My first thought is if this was the case, why would the federal Conservatives sit at the table for 18 months and not say this right at the outset when the proposal for funds was first sent to them?

My second thought is that this supposed lack of program to do this type of funding certainly didnt seem to stop them from sending funding to some Universities out west. Consider this recent editorial in the Stratford Beacon-Herald pointing out this apparent hypocrisy and double standard:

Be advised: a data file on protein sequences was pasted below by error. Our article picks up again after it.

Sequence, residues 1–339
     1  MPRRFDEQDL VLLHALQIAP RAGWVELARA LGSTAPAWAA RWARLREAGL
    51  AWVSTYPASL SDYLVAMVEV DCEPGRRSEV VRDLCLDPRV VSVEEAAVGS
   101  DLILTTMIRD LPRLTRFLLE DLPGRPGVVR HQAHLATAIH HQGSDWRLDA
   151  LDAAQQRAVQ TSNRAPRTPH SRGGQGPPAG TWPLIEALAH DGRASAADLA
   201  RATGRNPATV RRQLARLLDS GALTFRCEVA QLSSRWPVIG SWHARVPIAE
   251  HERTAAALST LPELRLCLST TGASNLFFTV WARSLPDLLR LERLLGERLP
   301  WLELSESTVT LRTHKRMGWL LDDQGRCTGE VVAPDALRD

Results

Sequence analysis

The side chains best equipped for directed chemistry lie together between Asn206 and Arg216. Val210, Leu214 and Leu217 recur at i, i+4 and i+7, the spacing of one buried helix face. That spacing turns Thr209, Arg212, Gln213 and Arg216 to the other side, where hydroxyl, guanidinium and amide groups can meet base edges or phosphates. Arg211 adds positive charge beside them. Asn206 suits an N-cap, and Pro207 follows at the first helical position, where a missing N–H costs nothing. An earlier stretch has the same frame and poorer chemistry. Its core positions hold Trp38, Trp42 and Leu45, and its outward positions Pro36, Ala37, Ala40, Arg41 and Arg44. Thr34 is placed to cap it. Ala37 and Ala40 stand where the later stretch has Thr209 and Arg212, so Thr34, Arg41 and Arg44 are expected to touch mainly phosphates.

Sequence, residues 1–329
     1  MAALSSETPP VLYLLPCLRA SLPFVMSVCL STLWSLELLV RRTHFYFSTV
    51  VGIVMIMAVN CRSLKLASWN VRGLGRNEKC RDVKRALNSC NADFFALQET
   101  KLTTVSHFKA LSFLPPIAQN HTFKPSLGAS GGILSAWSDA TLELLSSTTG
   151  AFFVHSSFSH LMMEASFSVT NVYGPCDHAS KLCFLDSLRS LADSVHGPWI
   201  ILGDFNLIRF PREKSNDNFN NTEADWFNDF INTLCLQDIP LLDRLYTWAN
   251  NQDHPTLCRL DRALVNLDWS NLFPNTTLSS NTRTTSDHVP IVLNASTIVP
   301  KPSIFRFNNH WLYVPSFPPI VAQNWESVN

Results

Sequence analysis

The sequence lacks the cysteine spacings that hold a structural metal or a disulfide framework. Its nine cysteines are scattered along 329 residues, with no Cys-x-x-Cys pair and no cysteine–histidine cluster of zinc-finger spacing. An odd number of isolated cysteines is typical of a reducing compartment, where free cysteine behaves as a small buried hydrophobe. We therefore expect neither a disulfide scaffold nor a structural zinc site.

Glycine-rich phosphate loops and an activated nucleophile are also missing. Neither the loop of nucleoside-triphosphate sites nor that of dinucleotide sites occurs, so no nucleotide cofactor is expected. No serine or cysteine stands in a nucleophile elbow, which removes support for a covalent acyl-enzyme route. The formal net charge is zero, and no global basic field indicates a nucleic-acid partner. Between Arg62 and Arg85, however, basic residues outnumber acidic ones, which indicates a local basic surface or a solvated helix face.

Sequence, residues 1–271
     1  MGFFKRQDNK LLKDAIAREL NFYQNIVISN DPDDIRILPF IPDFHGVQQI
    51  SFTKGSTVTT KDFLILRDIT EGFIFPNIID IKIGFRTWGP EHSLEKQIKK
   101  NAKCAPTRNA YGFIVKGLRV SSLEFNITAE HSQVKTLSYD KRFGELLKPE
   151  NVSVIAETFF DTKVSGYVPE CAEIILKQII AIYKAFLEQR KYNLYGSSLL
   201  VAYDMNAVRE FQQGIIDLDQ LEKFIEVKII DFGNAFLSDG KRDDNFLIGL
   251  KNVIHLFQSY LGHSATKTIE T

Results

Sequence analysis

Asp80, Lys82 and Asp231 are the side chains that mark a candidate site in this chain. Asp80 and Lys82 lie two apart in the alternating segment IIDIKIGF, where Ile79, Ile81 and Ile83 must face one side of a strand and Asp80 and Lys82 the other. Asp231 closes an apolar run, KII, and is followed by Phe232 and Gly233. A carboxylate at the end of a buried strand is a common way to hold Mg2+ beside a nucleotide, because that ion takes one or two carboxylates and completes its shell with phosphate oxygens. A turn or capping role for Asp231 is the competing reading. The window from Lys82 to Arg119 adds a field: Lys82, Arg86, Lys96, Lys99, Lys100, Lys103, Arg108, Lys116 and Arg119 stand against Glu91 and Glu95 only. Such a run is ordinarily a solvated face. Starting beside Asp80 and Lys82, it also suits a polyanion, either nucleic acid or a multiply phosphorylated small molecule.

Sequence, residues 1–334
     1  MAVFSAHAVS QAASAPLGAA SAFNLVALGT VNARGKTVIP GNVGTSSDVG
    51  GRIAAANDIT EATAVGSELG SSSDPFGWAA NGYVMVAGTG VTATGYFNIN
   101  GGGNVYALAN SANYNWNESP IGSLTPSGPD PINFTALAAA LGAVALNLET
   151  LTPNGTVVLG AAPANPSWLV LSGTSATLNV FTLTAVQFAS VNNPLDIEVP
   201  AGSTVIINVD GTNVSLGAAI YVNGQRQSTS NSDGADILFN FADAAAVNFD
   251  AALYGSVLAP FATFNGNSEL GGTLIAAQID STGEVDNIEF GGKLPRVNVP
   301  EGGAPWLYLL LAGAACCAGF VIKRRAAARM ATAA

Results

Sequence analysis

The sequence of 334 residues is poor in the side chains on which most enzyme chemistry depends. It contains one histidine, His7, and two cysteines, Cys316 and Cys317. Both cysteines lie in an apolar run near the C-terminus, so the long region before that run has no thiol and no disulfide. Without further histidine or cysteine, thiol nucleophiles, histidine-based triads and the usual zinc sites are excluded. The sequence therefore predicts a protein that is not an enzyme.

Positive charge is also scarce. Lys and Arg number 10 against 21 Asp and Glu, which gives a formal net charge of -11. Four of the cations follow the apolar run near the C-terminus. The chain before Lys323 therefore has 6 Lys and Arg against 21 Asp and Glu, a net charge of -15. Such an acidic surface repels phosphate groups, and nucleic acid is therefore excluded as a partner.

As disappointing as it is, people in Stratford could probably accept that statement, if it were completely true. But its not…in January the University of Alberta announced a major renovation of its downtown Edmonton campus at a cost of $86.5 million. Of that total, $15 million came from the federal government. Explain how the red-hot economy of Alberta can get millions of dollars for the bricks and mortar of a university and the battered economy of Stratford and area gets zero. And while its not bricks and mortar, in April Ottawa handed over a $5-million cheque to the University of Calgary to help fund research in carbon capture and storage. And if that is not enough to make the constituents of Stratford feel rebuffed and ignored, consider this. Last October, Afghan Education Minister Mohammad Haneef Atmar was in Montreal with federal International Co-operation Minister Bev Oda as Ottawa announced $60 million over four years to help schools in Afghanistan manage teaching and learning activities, to hire personnel and to build facilities.Your national centre for teacher training and your provincial colleges … will all be supported with significant (funds) that come from Canada, said Mr. Atmar proudly.